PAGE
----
Great Expectations | Study Guide

Charles Dickens

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Great Expectations | Chapters 53–54 | Summary

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Summary

Chapter 53

Pip heads onto the marshes to the limekiln, where he sees the old sluice-house. Pip knocks at the door but doesn't hear a response. He enters and is attacked from behind by Orlick, who binds Pip with a rope to a ladder. Intoxicated, Orlick triumphantly claims, "I've got you." With the rope pressing painfully into his wounded arm, Pip asks why Orlick has attacked him. Orlick explains he is getting back at Pip for getting him fired from his position at Miss Havisham's and for coming between him and Biddy. Orlick declares he is going to kill Pip by knocking him unconscious and sticking him in the limekiln. Orlick goes on to say he has learned about Pip trying to get Magwitch out of the country. Orlick lifts up a stone hammer. Suddenly several people attack Orlick, causing him to flee. Herbert, Startop, and Trabb's boy have come to the rescue. Pip had accidentally left Orlick's note at his residence, and Herbert read it. Alarmed, he and Startop went to Pip's village and, with the help of Trabb's boy, tracked Pip down. Herbert and Startop take Pip back to London, where Pip recovers from his ordeal.

Chapter 54

Pip, Herbert, and Startop board their rowboat and, with Herbert and Startop rowing and Pip guiding the rudder, head toward Clara's house. When they arrive Magwitch boards the rowboat. Magwitch expresses his gratitude to Pip for seeing him out of the country. The four of them head down the Thames out of London to a remote public house. There they eat dinner and stay the night. The next morning Pip and his three friends get in their rowboat and head out into the track of the expected foreign packet-boat. As the packet powered by steam approaches, a four-oared galley shoots into the packet's track. The galley approaches alongside Pip's boat, and an officer in the galley orders a returned Transport (convict) to be handed over. Meanwhile the packet steamer has reached the galley and Pip's boat and, to avoid hitting them, stops its paddles. The officer grabs Magwitch, who lunges at a person with a cloaked face in the galley. Magwitch pulls the cloak away, revealing Compeyson. Clutched in each other's arms, Magwitch and Compeyson fall overboard. The packet steamer continues on. Then Magwitch swims toward the galley and is taken on board. Compeyson has drowned. Magwitch is immediately "manacled at the wrists and ankles." He has been seriously injured by the paddles of the steamer. Pip knows that Magwitch will not be treated leniently by a jury.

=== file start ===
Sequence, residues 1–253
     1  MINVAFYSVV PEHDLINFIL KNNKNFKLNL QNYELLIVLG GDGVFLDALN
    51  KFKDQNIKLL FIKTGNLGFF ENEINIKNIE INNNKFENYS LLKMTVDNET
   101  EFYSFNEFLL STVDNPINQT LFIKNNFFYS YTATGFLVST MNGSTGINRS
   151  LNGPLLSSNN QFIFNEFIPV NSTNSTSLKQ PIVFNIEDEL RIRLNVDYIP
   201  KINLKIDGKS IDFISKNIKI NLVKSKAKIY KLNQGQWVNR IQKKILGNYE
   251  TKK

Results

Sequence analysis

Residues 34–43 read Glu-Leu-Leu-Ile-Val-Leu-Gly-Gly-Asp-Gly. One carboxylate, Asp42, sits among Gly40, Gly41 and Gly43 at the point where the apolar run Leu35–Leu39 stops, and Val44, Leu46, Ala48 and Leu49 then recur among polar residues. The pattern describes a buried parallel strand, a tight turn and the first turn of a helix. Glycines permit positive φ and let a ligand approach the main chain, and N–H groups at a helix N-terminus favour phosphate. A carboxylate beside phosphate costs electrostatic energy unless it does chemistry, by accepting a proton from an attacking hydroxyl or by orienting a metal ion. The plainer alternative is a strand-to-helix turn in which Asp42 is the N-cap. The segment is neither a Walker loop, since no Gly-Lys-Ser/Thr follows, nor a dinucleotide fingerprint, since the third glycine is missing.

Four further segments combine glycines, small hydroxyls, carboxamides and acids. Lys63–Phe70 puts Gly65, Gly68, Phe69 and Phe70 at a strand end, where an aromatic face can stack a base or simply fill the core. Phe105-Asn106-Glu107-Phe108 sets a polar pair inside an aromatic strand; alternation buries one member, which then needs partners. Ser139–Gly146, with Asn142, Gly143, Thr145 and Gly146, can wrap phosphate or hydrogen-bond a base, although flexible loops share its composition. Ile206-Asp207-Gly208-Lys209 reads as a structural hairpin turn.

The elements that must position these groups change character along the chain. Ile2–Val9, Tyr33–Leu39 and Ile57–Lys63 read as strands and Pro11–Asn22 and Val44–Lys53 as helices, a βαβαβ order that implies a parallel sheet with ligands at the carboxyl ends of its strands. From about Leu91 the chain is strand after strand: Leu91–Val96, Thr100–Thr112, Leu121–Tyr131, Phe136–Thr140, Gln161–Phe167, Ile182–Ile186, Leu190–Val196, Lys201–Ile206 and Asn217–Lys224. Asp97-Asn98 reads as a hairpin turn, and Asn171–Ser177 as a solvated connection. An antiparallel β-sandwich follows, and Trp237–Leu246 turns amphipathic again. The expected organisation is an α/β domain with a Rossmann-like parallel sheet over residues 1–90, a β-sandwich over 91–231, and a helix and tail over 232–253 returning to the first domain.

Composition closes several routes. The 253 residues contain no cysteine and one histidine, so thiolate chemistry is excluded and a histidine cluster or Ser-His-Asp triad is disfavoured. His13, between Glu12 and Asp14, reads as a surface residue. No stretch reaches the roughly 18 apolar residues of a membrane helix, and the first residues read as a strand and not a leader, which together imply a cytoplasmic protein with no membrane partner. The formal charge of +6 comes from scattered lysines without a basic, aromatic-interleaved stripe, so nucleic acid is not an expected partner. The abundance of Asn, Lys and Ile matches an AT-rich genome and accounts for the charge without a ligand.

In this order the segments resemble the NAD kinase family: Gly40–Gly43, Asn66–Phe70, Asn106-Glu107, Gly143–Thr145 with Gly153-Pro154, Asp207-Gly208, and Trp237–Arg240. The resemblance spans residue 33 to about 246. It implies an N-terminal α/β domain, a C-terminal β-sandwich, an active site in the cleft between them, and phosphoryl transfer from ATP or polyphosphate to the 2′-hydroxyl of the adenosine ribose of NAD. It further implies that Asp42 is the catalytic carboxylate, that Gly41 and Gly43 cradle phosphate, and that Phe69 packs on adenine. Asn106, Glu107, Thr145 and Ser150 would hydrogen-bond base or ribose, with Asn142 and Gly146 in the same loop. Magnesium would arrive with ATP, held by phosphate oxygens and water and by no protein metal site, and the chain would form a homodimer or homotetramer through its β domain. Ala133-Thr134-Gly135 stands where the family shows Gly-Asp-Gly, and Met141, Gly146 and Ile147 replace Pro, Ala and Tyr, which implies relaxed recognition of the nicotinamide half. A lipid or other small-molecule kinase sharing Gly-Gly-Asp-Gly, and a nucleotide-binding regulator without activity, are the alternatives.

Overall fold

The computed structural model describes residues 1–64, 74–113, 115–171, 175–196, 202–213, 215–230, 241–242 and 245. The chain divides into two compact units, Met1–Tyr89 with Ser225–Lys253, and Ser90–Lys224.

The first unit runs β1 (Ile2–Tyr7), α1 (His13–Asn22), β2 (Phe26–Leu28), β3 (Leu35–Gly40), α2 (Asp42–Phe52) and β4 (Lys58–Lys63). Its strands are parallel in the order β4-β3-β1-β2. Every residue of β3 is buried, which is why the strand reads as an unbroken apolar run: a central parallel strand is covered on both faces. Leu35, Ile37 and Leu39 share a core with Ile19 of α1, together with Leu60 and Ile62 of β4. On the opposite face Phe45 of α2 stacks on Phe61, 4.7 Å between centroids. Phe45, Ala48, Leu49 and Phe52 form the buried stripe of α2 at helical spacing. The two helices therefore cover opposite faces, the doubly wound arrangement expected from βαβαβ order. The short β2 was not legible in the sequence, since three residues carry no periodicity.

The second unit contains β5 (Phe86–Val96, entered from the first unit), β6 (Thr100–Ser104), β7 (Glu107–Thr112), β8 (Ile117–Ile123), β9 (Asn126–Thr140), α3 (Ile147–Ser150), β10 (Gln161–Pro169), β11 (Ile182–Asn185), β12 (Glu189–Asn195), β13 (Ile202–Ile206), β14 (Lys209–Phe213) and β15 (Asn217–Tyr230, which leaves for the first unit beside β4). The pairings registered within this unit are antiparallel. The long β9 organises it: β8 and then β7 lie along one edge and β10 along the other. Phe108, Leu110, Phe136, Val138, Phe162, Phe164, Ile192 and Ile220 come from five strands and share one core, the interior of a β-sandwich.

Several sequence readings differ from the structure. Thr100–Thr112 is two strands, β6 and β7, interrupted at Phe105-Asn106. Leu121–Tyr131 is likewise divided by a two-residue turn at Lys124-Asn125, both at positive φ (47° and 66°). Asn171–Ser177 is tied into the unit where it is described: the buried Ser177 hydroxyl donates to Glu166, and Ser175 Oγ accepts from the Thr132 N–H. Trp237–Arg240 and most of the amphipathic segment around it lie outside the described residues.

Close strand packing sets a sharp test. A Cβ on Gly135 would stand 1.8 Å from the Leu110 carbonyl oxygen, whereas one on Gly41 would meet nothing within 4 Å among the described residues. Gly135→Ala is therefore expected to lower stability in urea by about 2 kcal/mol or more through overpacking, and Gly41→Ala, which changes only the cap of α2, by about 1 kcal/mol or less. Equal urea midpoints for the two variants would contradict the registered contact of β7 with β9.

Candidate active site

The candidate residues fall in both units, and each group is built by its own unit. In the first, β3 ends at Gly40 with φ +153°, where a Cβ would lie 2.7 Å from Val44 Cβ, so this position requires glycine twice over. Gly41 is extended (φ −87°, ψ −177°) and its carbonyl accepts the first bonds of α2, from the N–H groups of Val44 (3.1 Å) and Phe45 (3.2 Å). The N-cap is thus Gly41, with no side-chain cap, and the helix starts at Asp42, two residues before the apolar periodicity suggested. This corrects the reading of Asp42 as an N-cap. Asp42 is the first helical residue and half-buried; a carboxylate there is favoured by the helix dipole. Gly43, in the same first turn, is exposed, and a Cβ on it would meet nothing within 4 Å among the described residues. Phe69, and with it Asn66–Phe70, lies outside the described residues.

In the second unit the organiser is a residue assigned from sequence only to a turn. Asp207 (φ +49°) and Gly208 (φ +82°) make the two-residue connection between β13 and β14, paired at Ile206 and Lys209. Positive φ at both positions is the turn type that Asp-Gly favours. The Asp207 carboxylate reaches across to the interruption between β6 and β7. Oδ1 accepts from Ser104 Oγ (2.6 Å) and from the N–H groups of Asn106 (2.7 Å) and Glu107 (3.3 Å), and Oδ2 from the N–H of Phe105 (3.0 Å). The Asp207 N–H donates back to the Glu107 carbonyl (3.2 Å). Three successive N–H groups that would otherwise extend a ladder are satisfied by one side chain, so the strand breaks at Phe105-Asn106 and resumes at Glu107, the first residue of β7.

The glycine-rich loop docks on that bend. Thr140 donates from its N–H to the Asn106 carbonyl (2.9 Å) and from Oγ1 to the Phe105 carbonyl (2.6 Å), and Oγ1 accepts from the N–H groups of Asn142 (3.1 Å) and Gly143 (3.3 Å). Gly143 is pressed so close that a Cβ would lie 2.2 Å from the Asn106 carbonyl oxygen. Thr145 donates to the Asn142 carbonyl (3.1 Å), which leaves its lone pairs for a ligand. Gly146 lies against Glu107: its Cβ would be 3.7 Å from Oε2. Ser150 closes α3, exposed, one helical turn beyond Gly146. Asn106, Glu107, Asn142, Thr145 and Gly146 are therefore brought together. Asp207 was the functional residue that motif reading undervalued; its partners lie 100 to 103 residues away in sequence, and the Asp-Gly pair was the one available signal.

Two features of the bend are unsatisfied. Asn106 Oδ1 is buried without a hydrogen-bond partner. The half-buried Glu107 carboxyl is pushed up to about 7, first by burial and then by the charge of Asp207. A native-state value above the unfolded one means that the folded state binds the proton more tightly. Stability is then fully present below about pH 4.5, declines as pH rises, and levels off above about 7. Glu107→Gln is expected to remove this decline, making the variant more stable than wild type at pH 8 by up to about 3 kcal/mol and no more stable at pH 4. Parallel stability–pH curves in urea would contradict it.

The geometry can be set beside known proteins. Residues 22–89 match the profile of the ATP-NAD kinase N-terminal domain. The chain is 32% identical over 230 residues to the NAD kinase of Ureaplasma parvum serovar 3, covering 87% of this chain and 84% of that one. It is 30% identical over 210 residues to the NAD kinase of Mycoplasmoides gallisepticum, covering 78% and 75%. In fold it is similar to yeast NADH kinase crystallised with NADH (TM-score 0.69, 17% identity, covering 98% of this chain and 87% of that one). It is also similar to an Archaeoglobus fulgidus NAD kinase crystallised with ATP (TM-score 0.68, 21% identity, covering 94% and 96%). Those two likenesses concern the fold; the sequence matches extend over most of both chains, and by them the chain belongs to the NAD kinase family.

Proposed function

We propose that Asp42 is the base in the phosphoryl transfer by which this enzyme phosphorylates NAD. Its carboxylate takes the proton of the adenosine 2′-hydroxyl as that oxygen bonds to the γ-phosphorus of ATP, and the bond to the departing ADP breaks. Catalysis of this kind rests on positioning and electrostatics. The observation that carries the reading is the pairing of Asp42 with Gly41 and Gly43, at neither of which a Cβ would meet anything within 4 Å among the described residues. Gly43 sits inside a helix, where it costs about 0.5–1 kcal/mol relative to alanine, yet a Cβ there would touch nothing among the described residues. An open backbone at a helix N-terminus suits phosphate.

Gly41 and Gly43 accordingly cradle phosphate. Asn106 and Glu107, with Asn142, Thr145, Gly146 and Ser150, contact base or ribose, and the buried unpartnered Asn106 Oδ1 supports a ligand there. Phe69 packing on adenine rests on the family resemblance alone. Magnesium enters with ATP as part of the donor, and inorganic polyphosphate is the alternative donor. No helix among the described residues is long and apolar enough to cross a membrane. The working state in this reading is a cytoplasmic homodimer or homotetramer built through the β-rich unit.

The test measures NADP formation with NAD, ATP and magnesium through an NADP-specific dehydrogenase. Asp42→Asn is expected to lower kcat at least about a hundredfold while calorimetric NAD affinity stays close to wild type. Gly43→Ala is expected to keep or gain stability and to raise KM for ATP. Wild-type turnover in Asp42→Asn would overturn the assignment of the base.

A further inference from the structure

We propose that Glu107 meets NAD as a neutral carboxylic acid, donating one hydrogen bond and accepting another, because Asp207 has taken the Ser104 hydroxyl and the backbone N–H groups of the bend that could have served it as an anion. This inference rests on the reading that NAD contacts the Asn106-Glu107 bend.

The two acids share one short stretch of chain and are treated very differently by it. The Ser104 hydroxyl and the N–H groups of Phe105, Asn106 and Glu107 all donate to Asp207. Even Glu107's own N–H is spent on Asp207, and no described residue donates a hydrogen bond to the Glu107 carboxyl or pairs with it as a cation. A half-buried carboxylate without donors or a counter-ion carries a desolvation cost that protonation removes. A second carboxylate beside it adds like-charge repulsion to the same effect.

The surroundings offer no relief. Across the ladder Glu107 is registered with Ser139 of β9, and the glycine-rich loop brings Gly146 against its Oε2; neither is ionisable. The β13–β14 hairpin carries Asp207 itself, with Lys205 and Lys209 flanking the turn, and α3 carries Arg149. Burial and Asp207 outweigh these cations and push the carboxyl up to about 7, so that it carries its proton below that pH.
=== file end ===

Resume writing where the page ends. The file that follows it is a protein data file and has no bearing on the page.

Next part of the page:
Analysis

In Chapters 53 and 54 Dickens interrelates the theme of social class and ambition and the theme of uncertainty and deceit. However, the author does so in distinctly different ways in each chapter. In Chapter 53 Pip is uncertain about why someone wants him to come to the limekilns on the marshes. When he is accosted and bound by Orlick, Pip becomes uncertain whether he will live. Orlick has been harboring a grudge against Pip for causing the loss of his job. Since then Orlick claims he's had a hard time earning an easy living and, because of this, he has taken up with criminals. Therefore Orlick feels Pip has forced him from being a working-class man to be a lower-class criminal. Now, embittered by his drop in status, Orlick's main ambition in life is to kill Pip.

In contrast in Chapter 54, Pip is uncertain what will happen to him after he and Magwitch leave the country. He becomes uncertain about whether he and his friends are being watched as they row down the Thames. Eventually Pip's ambition of getting Magwitch safely out of England fails, and Magwitch is arrested. However, during the process, Pip reveals that he no longer views Magwitch with distaste and fear but instead feels affection for him. Therefore the barrier between the upper-class gentleman (Pip) and the lower-class former convict (Magwitch) has been dissolved by love. After the arrest Pip's main ambition changes to staying with Magwitch for the rest of his life. Pip says, "I will never stir from your side, ... when I am suffered to be near you. Please God, I will be as true to you as you have been to me!" In this way Dickens reinforces the theme of Pip's redemption.

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